Thursday, September 22, 2011

2011 SCBWI Illustrators Intensive – Even More Notes!

Richard Jesse Watson

I like to cross-hatch with an exacto knife.
The subject matter (of a painting) tells you what medium to use.
Some mediums ’fight’ you.

I like the challenge of 'making do' (with tools and supplies).

Experiment. Sometimes when you experiment you fail. But then you know ‘don’t do that again!—It was easier in my imagination!’

I like to play with symmetry and design.

He likes to use egg tempera, and has spent as long as three months on one egg tempera painting. The elegance of egg tempera painting comes from the delicate brush work that’s possible as well as its transparency. It’s a dance between opacity and transparency. He thinks you can get similar results with acrylics.

Both oils and tempera need to breathe, that’s why they can be used together. (You can paint oil OVER tempera).

He doesn’t recommend (egg tempera) unless you have a lot of patience.

Strathmore rag illustration board is an elegant amazing surface—either ‘toothy’ or hot press. But hot press is not good with an electric eraser (which he likes to use). It can ruin the surface.

Kadir Nelson

I’ve been searching high and low for notes from Kadir Nelson’s demonstration. I was so mesmerized by watching him paint this amazing portrait, I must not have taken any!

The subject -- a volunteer from the audience -- is illustrator Dan Santat.

These photos speak for themselves.....

Thursday, September 8, 2011

2011 SCBWI Illustrators Intensive -- Some More Notes

More quotes and photos from the August SCBWI Intensive

David Small
I don’t see how anyone can be an illustrator if they can’t draw the human body from memory.

(Retaining spontaneity) is my goal.

Don’t illustrate a manuscript unless you love it.  You will have to read it every day of your life for a year. Don’t do it just for the money.
My eye knows when I’m finished (with an illustration).
Rembrandt was an illustrator!

Synthetic brushes last forever....

On book tours I always take a sketch book. I need to keep drawing!

The artist’s duty is not to surprise the viewer.  The artist’s duty is to surprise himself.

A sort of calm (comes over me) when I’ve done something really good…(something) that welcomes or disturbs the eye in a pleasant way.

Marla Frazee
I stretch every kind of paper (from) Xerox 1 ply recycled paper to series 500 Strathmore hot press paper. It doesn’t have to be watercolor paper.  Getting the paper wet sets the graphite sketch (so it won’t smudge). I don’t use illustration board because you can’t use it with a light box.

I use Windsor & Newton watercolor or gouache and inexpensive brushes.
I paint 50 or more layers (with a small brush!) for my backgrounds. It’s not interesting to watch!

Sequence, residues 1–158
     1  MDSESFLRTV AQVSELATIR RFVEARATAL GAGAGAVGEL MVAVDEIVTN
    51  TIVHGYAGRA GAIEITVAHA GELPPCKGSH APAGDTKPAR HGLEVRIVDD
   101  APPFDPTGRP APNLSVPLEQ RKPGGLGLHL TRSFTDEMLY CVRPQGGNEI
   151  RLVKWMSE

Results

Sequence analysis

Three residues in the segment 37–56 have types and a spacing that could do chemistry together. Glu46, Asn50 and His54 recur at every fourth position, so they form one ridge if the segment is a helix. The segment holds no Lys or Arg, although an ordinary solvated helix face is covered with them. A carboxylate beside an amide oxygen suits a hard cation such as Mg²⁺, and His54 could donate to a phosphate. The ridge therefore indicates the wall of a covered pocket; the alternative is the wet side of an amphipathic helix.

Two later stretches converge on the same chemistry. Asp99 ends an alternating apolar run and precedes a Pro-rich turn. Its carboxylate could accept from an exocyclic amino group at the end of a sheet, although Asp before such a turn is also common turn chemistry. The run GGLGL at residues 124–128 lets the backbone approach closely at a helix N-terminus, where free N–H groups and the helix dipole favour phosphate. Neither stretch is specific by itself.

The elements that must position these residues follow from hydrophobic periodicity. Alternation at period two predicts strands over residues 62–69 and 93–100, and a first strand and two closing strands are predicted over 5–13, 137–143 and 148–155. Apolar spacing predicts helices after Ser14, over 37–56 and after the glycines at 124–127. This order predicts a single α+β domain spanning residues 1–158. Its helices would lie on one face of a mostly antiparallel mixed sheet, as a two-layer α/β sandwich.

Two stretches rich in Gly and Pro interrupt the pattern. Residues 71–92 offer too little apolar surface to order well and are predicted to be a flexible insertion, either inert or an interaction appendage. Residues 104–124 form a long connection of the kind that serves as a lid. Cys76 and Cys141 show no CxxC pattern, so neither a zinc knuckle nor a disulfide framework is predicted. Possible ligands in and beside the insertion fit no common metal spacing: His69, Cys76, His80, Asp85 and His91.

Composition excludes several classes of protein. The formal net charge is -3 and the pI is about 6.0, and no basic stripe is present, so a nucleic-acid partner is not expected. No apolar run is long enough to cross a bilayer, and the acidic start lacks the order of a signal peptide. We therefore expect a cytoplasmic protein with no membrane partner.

I like to use Prismacolor black Verithin and ebony graphite 5H pencils.
I draw out of my head, from a model or if photo reference is needed I Google it. I also have a scrap file of images. When using photo images (I take care) not to get too close to the photo image or the illustration won’t work.

Think character, scale, setting…
Technique is secondary because if the illustration isn’t working it doesn’t matter (what the technique is).

Think of the rhythm of the story…Where are the beats?
I have no desire to do art on a computer. Work in a way that relaxes you. I get tense on the computer. It feels great (to me) to spend the day in the studio working!

Thursday, September 1, 2011

2011 SCBWI Illustrators Intensive -- Some Notes

SCBWI followed their summer Conference this year with a chance to attend either a writer’s or illustrator’s intensive.  I chose the Illustrators Intensive and thoroughly enjoyed the opportunity to see some of the ‘greats’ demonstrating their illustrating techniques.

I wrote down some snippets of the information (on tools etc.) so dear to the hearts of illustrators’ fans and groupies!

Jerry Pinkney

Some preferences…

2B pencil for sketching

A tint of raw umber or ochre (rather than a white ground) because “it gives something for the colors to bounce off of.”

Arches 300 lb. or 140 lb. hot press watercolor paper “…hot press allows for greater detail.”


Re: dealing with ‘artists’ block’…  ”Sometimes deadlines get you unstuck!”

Interesting info:  He never spends more than 3 days on an illustration. “But that could mean 10 hour workdays…” And it really means 3 days + 30 years experience!

Paul O. Zelinsky


125 lb. cold press watercolor paper because “it’s kind of forgiving.”

Inexpensive brushes are fine if they have a sharp point.

A clean work environment is important “but it never is” (clean).


He stretches his watercolor paper (unless it’s thick enough not to need being stretched).

Concerning avoiding over painting….”Use a lot of hope!”

He uses a medieval technique involving underpainting with water base paint followed by oil painting.

I found the demonstrations helpful as well as inspiring.  I’m going to stop worrying about expensive vs. inexpensive brushes and my work environment not being as neat as I’d like!  And I’m finally going to experiment with underpainting – oils over water-based paint....

More notes and photos from the Intensive on my next post!